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Moving from grief to peace during the holidays

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Wednesday, December 5, 2012 - 12:01 am

Editor's note: Katie S. Brown lives in Fort Wayne and writes regularly about spirituality and health. She is also a Christian Science practitioner and teacher and the media and legislative liaison for Christian Science in Indiana. The Your Neighbor column is written by a member of a local nonprofit group and appears frequently in Neighbors.

My mother's memorial service was held two weeks before Christmas last year, and I was grieving deeply over the holidays.

Mother was in her 90s, but her passing was within less than three months after living a fairly active life with no walker or wheelchair until that time. My father didn't even put up his Christmas tree so strong was his grief.

I have a full time job, so my days were filled, while Dad and Mom had been married 69 years, spending every day together. He has had a more difficult time missing her.

According to the New York State Office of Mental Health's Grief Counseling Resource Guide, “The grief experience impacts all aspects of the being of the individual. The manifestations listed are more intensified when there has been a sudden, unanticipated death. With the intensification, the period of time to process the reactions will often be longer. It is important to remember there is no timetable for processing. … People are not only grieving, they are also participating in life and those stressors will affect the journey of adaptation.”

There is also today a greater understanding of the fact that grief, especially if it is prolonged, can have serious impacts on our health.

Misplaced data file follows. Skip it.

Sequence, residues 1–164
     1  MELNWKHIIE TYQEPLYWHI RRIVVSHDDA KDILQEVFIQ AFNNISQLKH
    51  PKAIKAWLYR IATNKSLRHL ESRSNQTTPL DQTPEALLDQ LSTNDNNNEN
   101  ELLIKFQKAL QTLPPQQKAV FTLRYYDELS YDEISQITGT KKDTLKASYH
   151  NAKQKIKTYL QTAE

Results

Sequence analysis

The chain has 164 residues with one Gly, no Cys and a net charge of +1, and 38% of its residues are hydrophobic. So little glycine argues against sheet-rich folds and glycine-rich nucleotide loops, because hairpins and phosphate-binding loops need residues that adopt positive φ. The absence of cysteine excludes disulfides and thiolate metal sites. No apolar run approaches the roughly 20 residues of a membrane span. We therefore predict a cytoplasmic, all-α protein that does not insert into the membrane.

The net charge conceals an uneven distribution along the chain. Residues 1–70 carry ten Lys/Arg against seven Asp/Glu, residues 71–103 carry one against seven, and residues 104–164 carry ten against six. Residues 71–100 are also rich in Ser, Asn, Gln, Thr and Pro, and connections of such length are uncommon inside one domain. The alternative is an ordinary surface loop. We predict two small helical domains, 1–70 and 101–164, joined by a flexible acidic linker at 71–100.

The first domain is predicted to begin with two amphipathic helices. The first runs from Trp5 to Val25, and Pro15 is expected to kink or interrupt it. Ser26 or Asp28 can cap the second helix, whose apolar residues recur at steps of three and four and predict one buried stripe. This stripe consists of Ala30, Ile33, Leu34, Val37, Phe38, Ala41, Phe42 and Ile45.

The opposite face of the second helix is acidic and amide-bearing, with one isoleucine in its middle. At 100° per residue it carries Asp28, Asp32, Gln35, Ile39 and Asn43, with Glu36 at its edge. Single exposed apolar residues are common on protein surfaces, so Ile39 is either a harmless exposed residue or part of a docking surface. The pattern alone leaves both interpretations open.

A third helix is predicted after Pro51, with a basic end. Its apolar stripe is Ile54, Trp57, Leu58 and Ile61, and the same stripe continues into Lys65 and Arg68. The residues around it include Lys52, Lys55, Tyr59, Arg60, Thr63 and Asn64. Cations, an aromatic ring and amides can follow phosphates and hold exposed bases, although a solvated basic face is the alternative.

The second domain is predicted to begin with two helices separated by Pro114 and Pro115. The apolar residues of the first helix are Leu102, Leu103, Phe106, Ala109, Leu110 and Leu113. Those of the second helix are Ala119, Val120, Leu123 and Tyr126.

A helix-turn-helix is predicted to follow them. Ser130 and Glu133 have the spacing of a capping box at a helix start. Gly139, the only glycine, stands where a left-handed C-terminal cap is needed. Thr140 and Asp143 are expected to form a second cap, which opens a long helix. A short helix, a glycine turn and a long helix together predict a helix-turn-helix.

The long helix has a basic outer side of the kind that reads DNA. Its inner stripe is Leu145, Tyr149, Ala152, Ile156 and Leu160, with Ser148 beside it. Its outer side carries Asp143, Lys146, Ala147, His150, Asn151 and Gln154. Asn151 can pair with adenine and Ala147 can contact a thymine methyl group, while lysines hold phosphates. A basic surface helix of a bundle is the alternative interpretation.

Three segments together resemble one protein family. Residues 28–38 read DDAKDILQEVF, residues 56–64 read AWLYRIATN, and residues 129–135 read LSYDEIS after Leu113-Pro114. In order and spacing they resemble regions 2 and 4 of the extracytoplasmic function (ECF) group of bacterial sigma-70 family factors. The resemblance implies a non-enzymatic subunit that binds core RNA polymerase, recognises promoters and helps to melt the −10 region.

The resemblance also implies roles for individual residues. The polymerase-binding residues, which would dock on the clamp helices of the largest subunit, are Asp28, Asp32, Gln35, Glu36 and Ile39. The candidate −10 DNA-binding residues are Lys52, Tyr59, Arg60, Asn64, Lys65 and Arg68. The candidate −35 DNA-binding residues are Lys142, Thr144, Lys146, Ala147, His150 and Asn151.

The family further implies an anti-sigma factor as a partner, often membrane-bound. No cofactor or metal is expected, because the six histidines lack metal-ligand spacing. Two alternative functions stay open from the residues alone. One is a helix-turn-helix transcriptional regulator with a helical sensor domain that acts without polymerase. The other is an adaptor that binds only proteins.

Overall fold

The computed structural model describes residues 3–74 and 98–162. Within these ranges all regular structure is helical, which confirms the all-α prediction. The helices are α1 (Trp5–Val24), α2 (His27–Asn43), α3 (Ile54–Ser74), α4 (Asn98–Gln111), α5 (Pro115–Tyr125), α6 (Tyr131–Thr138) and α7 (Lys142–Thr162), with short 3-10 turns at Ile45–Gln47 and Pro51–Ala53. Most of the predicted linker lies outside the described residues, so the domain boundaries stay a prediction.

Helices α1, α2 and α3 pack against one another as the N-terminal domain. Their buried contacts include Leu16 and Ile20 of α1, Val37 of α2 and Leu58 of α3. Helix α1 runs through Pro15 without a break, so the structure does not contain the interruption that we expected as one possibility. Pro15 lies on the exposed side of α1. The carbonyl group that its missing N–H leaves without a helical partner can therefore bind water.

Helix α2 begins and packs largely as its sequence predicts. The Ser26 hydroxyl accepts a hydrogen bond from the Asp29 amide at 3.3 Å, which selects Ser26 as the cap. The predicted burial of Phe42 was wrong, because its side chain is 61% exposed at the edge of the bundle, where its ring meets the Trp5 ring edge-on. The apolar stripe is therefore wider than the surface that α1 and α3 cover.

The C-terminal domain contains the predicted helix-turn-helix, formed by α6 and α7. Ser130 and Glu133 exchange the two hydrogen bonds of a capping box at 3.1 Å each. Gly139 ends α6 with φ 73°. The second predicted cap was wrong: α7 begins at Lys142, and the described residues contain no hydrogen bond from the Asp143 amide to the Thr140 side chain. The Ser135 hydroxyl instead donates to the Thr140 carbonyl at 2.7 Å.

“Grief makes us susceptible to diseases such as the common cold sore throats and other infections,” it says in the article “Your Health and Grief” on the website http://psychcentral.com. “The connection between the mind and body is not always recognized, but there is real scientific evidence that what we think and feel has a direct effect on our biological systems.”

But those effects can be averted. Since last Christmas, Dad and I have been “adapting” together by taking a spiritual approach. It's a method used by many, recommended by those who work in grief counseling — and documented as effective. We talk about Mother and pray together to affirm that she is going on with God.

Shortly after her passing, I opened the Bible to, “As one whom his mother comforteth, so will I comfort you (Isaiah 66:13).”

I also had my own journey through the year. Mother was no longer there for me to call on the telephone or to share a cup of tea with when I'd visit, so it was good to know my Father-Mother God is always with me. I took time out of the busy days to be alone, to sort through my memories and to cherish Mother. I shared more hours with my family and friends, giving my love to them.

The grieving receded, and life has flowed with increased joy for me.

This Christmas, I don't anticipate grief to the degree of last year because my prayers led me to find peace in a deeper understanding of eternal life. I found that focusing on finding light in the midst of the darkness of loss brought healing. It was a matter of being grateful for what I had shared with my mother and what good I had going on that moment, rather than centering on what I was missing or had in the past.

A spiritual approach to grief at the holidays can bring healing to anyone who is missing someone who has died or from whom they are estranged. Numerous tips on how to negotiate a healthier path through the holidays can be found through a Google search, but the greatest tip or gift is the one from Jesus.

Jesus told us, “Thou shalt love the Lord thy God with all thy heart, and with all thy soul, and with all thy strength, and with all thy mind; and thy neighbour as thyself (Luke 10:27).” Loving others can replace our own pain and grief.

This column is the personal opinion of the writer and does not necessarily reflect the views or opinion of The News-Sentinel.